What Equifax’s Credit Score Miscalculations Mean for Consumers

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Equifax, one of the three major credit bureaus, announced that a computer coding error resulted in the miscalculation of credit scores for consumers in a three-week period between March 17 and April 6. For 300,000 consumers, the error shifted credit scores as much as 25 points. The changes to credit scores did not show up on credit reports, Equifax said in a press release.

While the error caused scores to shift in positive and negative directions, a 25-point drop in your credit score could do some major financial damage, especially if you're on the cusp of one of the credit bands. For some consumers, that could mean less access to financial services and products like car loans and home mortgages, as well as credit cards with good terms.

We spoke to credit experts and consumer advocates to nail down what you should be doing in the wake of this Equifax error. From checking your credit score to contacting lenders, we've got you covered.

How to tell if you were affected

It might not be easy to determine if you were affected by this Equifax error. "To the naked eye, a consumer would never know they were impacted, to the good or to the bad," credit expert John Ulzheimer said in an email.

Equifax says it's "collaborating with our customers to determine the actual impact to consumers," although it's unclear how or when they will notify the impacted customers, if at all.

"This is not the consumer's fault," says Chi Chi Wu, an attorney at the National Consumer Law Center. "And it is outrageous that an error by Equifax harmed consumers and now they have to go back and fix it."

Next steps for consumers

Follow these steps to help safeguard your score in the wake of the Equifax error:

Review any notices related to denied applications during this period

If you applied for a car or home loan or a credit card between March 17 and April 6 and your application was denied or you had to pay more — potentially as a result of this miscalculated score — you might have some recourse if you received one of the documents below:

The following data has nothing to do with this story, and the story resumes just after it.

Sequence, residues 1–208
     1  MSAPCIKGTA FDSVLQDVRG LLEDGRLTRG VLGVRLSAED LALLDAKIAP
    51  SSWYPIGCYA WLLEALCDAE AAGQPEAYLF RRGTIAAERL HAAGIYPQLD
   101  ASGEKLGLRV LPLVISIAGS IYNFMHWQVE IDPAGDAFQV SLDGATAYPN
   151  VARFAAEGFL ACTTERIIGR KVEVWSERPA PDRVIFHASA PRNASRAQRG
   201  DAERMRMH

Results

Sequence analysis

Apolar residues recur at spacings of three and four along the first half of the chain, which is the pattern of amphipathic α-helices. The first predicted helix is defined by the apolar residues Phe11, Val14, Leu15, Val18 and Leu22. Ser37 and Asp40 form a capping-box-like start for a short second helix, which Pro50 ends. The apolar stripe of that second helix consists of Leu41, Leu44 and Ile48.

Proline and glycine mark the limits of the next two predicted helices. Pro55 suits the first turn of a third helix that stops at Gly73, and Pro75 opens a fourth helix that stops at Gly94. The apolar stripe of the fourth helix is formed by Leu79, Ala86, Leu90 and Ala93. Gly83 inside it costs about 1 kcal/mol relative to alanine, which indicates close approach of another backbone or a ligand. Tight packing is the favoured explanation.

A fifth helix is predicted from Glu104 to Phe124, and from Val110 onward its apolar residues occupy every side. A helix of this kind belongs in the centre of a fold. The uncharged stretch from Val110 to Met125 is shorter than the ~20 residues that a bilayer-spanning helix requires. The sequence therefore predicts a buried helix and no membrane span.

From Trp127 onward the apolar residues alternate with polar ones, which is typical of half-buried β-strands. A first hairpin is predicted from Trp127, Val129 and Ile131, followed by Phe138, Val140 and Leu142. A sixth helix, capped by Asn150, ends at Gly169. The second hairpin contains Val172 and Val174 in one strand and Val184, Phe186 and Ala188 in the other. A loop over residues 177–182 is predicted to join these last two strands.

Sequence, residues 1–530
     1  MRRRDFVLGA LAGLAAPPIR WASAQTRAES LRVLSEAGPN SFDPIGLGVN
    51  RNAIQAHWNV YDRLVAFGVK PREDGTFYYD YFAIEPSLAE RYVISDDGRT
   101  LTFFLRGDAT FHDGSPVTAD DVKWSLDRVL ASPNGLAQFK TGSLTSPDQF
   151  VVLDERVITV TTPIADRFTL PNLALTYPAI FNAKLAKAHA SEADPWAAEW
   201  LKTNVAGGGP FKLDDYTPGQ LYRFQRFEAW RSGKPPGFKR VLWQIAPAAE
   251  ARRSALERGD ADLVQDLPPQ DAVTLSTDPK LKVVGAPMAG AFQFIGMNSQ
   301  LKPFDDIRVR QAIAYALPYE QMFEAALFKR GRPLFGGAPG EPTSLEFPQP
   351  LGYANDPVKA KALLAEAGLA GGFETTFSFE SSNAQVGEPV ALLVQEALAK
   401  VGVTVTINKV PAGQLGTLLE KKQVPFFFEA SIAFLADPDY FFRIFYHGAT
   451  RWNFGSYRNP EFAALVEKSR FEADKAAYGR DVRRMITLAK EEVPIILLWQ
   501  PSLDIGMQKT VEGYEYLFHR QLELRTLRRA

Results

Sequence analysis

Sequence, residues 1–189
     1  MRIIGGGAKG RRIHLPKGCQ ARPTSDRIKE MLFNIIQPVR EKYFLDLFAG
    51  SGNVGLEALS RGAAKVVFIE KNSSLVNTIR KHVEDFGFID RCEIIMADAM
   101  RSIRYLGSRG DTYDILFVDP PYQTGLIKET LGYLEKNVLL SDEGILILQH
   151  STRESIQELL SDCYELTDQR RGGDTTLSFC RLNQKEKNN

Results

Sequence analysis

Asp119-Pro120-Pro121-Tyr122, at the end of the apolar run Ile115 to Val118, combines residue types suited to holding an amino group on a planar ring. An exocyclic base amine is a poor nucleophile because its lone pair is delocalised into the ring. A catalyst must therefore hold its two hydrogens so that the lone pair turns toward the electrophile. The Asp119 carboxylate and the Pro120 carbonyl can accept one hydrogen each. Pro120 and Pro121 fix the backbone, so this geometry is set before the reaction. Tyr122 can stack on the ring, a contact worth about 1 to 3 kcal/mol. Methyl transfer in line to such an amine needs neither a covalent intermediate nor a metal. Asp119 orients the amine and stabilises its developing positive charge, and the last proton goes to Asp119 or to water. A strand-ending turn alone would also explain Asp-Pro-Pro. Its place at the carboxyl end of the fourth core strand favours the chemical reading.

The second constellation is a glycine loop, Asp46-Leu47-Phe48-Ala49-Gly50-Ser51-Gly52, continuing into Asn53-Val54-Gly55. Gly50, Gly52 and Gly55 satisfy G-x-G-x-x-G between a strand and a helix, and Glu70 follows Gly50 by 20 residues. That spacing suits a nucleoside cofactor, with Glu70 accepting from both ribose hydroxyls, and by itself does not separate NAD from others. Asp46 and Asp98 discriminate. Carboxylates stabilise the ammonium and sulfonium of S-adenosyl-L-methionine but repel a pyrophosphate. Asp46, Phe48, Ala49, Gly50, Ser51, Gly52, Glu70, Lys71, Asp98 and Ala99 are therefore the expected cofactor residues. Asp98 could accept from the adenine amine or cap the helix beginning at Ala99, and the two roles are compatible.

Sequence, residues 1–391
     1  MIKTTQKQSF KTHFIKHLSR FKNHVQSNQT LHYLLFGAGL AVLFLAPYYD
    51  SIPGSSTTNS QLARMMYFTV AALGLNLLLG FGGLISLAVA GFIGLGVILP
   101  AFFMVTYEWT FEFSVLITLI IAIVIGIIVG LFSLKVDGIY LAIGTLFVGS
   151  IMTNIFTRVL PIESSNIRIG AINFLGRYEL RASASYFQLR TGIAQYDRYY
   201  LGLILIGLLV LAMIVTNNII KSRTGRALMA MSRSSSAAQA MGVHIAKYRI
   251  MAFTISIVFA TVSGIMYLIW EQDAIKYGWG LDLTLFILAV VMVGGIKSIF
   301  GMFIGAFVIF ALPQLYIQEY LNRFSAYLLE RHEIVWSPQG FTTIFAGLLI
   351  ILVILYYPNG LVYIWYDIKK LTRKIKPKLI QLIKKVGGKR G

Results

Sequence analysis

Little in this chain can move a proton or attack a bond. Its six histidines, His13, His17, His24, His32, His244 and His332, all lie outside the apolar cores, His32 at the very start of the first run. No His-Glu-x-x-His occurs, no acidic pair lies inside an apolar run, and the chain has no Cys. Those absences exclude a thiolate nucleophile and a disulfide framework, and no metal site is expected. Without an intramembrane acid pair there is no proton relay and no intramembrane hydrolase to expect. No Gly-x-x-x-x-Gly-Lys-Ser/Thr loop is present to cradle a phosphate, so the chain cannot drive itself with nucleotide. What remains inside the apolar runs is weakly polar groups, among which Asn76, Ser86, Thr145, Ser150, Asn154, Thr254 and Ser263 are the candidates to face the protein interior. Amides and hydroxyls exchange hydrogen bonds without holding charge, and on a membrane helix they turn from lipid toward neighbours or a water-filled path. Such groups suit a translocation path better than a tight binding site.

Adverse action notice: If your application was denied, you should have received an adverse action notice. Federal law requires creditors to tell you why your application was denied and which bureau they got their information from, so it's important to review this letter to understand better if the coding error impacted you.

If you were declined "because of things that showed up on your credit report, if it has to do with your credit score in some way, shape or form, then it's worth going back and pulling a copy of your credit report and your credit score," says Bruce McClary, senior vice president of communications for the National Foundation for Credit Counseling. It's also worth "finding out what credit score the creditor was using to evaluate you," he says.

Risk-based pricing notice: If you applied for a loan or credit card during this period and were given less favorable terms (e.g., higher interest rates), you should have received a risk-based pricing notice.

If consumers applied for a credit card or loan during this time and did not get one of these two notices, then, according to Ulzheimer, "they were not denied and they were not adversely approved with disadvantaged terms."

Check your Equifax credit report

Checking your credit report should be your next step. Here, you're looking to see if a hard inquiry — or a request to check your credit — shows up. This "hard pull" is confirmation that you applied for credit during the three-week time frame when the error went undetected by Equifax.

Disputing the error with Equifax is not an option since the miscalculated scores did not appear on credit reports. "There wasn't an error on their Equifax credit reports that required an investigation and correction," Ulzheimer said. "This was a programming error that wasn't impacted by how a consumer acted or paid their bills."

Contact your lender and Equifax

If affected, contact your lender and ask it to reassess your application or loan terms.

Getting rate changes on a credit card will be easier than changing the terms of a mortgage or car loan, according to Wu.

If you believe you may have been affected, you can also try calling Equifax's customer service at 1-888-378-4329.

Be on the lookout for a message from Equifax

Keep an eye out for further communications from Equifax. "The onus is on the credit bureau to notify the people who were impacted and provide some course of action that people can take to address any issues that stemmed from this mishap," McClary says.